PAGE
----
The Modern Components That Make Passports Secure

by | Dec 14, 2022 | passport, Second Passport

How Do New Security Components Make Passports More Secure?

New security components have greatly enhanced passport security, making it harder for counterfeiters to tamper with these documents. These advancements include biometric data, machine-readable zones (MRZ), and various physical and digital security features.

Biometric Data

Biometric data, such as fingerprints, facial recognition, and iris scans, are now embedded in many passports. This ensures that the person presenting the passport is its rightful owner. Authorities can quickly verify a traveller’s identity by comparing the stored biometric data with live data captured at border control. This technology reduces the risk of identity theft and fraudulent use of stolen passports.

Machine-Readable Zones (MRZ)

Machine-readable zones have transformed the verification process. Critical aspects of MRZ include:

  • Encoding Information: MRZ consists of two lines of alphanumeric characters at the bottom of the passport’s bio page. These characters encode essential information such as the passport number, country of issuance, holder’s name, and expiry date.
  • Quick Verification: Border control machines quickly scan and verify MRZ, reducing human error and speeding up the process.
  • Tampering Detection: The encoded information helps detect tampering or inconsistencies, making it harder for counterfeiters to alter passport data.
  • Uniform Standards: ICAO sets uniform standards for MRZ, ensuring consistency across countries’ passports.
  • Efficiency: MRZ technology enhances security and makes the verification process more efficient.

Physical and Digital Security Features

Modern passports have multiple security features to prevent forgery and tampering. These include:

  • Holograms: Complex, multi-dimensional holograms embedded in passport pages make duplication difficult.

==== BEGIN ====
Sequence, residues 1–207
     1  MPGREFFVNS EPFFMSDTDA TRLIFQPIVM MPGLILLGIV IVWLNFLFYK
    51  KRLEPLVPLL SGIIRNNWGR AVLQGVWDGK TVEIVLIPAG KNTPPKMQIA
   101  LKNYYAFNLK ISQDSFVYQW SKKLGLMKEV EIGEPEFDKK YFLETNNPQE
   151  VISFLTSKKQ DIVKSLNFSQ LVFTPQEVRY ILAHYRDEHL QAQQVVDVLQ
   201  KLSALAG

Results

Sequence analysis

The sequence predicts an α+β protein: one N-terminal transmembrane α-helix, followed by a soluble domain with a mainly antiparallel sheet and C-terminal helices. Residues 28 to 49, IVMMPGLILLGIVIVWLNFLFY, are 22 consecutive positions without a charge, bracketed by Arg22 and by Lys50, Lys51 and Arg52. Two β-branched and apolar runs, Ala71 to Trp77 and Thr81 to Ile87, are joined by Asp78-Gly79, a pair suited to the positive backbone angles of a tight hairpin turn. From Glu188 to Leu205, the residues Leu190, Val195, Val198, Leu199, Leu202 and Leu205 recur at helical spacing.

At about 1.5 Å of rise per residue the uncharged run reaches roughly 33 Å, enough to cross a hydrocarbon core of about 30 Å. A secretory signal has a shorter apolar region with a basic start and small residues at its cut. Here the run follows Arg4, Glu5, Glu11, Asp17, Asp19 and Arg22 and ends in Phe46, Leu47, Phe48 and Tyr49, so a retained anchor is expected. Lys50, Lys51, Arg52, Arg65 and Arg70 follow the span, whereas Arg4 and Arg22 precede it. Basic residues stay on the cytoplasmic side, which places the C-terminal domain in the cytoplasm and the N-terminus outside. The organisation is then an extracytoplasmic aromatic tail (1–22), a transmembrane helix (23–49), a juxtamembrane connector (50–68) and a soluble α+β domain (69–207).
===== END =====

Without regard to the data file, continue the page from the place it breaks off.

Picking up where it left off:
• Watermarks: Unique watermarks in the paper are nearly impossible to replicate.
  • UV Features: Ultraviolet (UV) light reveals hidden images and patterns that are invisible to the naked eye but easily checked by authorities.
  • Embedded Chips: Chips store encrypted biometric data and other crucial information and are read electronically to ensure authenticity.

Global Standards and Compliance

Passports must follow security and aesthetic standards set by the International Civil Aviation Organization (ICAO).

ICAO’s Role

This 191-member U.N. organization ensures uniform application of aviation policies and laws worldwide. By setting international standards for passport security, ICAO maintains a high level of trust in global travel documents. These standards cover various aspects, from physical design to biometric verification and machine readability.

Minimum Security Features

All passports must comply with features addressing three security concerns: document authenticity, identity verification, and data integrity. These features include:

  • Machine Readability: Since 2015, passports must be machine-readable, making handwritten documents obsolete. Electronic systems can quickly scan and verify machine-readable zones, reducing errors and speeding up processes.
  • Embedded Chips: Although not mandatory, 135 countries have incorporated chips containing critical biometric data. These chips enhance security by storing encrypted information verified against live biometric data.
  • Advanced Printing Techniques: Microprinting, special inks, and complex design patterns make it difficult for counterfeiters to reproduce passports accurately.

Compliance and Interoperability

Interoperability is essential for effective security measures. According to Kefauver, it is crucial to ensure that a passport issued by one country can be verified by authorities in another. For example, a Singaporean passport must be verifiable by French border control systems. This is achieved through adopting common standards and technologies mandated by the ICAO.

Continuous Evolution

ICAO updates its standards to address emerging threats and incorporate new technologies. The organization explores advanced biometrics, such as gait analysis and vein pattern recognition, to enhance passport security. By staying ahead of counterfeiters and adopting cutting-edge technologies, ICAO ensures passports remain secure.

The Importance of Holograms